Induction of an adaptive response against spontaneous neoplastic transformation in vitro by low-dose gamma radiation

Radiat Res. 1998 May;149(5):517-20.


An adaptive response against spontaneous neoplastic transformation in vitro induced by low-dose gamma radiation has recently been reported using a clone of C3H 10T1/2 cells with a predisposition toward spontaneous transformation (Azzam et al., Radiat. Res. 146, 369-370, 1996). To test the generality of this observation, the HeLa x skin fibroblast human hybrid cell system was used to look for such an adaptive response using a similar experimental protocol. In the experimental protocol used, the frequency of neoplastic transformation of unirradiated cultures (Arm A) was compared to that of cultures which had been irradiated with 1 cGy of gamma radiation and either plated immediately (Arm B) or held for 24 h at 37 degrees C prior to plating (Arm C) for assay of neoplastic transformation. The pooled data from four separate experiments demonstrated a significantly reduced transformation frequency for Arm C compared to Arms A and B. This is indicative of an adaptive response in the case of postirradiation holding, in agreement with the earlier study using C3H 10T1/2 cells. However, with the exception of one experiment, the existence of the adaptive response was not clear on the basis of analysis of individual experiments. This points out the importance of sample size when looking at low-dose effects that are close in magnitude to the inherent variations in spontaneous transformation frequency.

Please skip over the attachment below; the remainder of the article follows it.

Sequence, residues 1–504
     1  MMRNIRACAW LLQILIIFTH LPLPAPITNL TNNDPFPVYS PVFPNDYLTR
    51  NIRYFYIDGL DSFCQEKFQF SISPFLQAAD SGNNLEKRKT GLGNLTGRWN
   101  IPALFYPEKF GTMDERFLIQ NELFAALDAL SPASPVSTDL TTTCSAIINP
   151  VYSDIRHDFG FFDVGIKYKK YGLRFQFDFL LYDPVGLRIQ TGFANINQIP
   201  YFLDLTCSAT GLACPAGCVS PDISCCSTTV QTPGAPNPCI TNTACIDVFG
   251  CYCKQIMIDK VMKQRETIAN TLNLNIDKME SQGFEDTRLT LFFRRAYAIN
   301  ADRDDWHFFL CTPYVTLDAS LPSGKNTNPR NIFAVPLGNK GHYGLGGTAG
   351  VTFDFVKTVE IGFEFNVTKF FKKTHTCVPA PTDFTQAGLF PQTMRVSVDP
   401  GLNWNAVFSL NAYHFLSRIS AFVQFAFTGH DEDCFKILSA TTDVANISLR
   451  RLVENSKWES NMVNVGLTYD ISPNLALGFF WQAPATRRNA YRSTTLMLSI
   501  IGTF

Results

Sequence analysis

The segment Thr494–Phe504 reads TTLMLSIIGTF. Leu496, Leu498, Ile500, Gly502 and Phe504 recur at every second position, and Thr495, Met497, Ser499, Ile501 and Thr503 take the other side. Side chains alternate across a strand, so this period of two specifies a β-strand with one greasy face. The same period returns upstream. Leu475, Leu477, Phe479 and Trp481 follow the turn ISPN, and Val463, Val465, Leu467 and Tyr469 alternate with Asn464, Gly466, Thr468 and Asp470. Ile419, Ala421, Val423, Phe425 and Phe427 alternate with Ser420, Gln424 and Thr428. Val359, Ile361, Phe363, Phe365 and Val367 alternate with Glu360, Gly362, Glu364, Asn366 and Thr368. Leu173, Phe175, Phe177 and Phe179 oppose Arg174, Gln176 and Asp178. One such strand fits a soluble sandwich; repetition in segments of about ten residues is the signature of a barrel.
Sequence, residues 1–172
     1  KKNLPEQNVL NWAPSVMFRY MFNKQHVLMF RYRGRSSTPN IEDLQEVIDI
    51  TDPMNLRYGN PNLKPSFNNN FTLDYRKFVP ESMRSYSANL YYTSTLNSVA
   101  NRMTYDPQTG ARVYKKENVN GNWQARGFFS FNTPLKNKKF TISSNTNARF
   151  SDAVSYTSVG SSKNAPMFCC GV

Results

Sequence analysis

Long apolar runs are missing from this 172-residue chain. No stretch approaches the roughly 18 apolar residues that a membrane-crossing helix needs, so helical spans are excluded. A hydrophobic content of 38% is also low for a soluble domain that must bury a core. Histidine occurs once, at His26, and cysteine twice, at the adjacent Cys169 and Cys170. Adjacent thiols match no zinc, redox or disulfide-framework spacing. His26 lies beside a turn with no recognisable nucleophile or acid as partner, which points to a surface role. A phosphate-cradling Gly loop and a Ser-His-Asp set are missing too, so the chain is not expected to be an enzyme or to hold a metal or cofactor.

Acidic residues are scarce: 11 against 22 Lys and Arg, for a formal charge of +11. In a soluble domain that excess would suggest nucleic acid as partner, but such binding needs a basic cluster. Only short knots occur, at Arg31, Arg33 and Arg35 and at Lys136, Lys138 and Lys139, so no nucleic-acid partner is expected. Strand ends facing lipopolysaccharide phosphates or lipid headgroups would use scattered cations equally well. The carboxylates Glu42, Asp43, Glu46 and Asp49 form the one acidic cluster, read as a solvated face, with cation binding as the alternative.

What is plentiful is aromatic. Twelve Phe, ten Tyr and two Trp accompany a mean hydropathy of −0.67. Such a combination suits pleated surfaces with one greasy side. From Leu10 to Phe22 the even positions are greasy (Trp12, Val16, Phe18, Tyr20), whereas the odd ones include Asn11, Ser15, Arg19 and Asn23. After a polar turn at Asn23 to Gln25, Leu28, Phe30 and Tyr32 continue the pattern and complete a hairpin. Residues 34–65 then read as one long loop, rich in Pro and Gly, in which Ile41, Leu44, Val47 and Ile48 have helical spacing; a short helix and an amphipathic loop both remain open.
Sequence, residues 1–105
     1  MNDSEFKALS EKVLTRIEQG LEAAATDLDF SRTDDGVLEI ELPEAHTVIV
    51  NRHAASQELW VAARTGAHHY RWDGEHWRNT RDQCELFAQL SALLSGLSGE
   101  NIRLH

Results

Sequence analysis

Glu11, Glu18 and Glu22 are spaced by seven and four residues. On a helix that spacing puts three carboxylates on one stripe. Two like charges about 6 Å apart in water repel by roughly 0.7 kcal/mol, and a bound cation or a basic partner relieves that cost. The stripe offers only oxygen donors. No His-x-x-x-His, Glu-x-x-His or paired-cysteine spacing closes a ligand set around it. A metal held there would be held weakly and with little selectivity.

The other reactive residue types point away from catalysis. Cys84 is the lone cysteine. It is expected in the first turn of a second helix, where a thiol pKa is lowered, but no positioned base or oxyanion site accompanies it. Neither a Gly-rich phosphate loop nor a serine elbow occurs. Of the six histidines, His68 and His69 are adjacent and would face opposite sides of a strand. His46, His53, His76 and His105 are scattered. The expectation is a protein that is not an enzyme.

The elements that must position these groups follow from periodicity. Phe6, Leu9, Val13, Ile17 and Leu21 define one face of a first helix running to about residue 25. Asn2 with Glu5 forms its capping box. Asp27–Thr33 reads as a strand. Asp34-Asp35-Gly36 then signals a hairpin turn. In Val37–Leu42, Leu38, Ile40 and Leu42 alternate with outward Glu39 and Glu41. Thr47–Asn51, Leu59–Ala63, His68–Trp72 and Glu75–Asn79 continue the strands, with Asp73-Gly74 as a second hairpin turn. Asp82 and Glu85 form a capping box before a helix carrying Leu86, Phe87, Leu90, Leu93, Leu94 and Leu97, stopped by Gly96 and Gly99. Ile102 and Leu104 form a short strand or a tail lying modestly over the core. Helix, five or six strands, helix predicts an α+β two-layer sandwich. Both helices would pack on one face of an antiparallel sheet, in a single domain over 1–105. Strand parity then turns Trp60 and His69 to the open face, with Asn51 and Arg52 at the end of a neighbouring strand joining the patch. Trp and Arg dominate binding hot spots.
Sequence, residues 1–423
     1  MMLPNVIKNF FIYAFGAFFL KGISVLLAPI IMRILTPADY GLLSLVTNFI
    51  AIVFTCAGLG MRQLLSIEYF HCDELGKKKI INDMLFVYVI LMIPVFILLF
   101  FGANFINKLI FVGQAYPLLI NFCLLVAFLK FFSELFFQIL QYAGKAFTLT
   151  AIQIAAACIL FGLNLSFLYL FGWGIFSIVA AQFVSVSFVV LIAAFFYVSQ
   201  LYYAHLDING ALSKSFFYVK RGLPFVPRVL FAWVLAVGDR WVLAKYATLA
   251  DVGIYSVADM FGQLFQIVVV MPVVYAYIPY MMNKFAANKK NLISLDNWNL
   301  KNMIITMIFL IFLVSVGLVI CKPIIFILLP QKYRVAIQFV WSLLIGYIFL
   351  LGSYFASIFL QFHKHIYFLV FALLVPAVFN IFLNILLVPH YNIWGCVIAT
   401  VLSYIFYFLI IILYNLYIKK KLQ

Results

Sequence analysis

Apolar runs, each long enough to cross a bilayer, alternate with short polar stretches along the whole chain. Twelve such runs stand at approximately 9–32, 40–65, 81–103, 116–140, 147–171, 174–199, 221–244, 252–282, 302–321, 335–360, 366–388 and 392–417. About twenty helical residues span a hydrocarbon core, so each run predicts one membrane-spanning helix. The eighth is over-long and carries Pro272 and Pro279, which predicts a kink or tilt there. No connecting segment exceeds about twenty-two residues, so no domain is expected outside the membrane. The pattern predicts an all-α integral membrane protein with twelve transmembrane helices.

Publication types

  • Research Support, U.S. Gov't, P.H.S.

MeSH terms

  • Adaptation, Physiological*
  • Animals
  • Cell Line
  • Cell Transformation, Neoplastic / radiation effects*
  • Dose-Response Relationship, Radiation
  • Fibroblasts / physiology
  • Fibroblasts / radiation effects
  • Gamma Rays*
  • HeLa Cells
  • Humans
  • Hybrid Cells
  • Mice
  • Mice, Inbred C3H
  • Skin Physiological Phenomena / radiation effects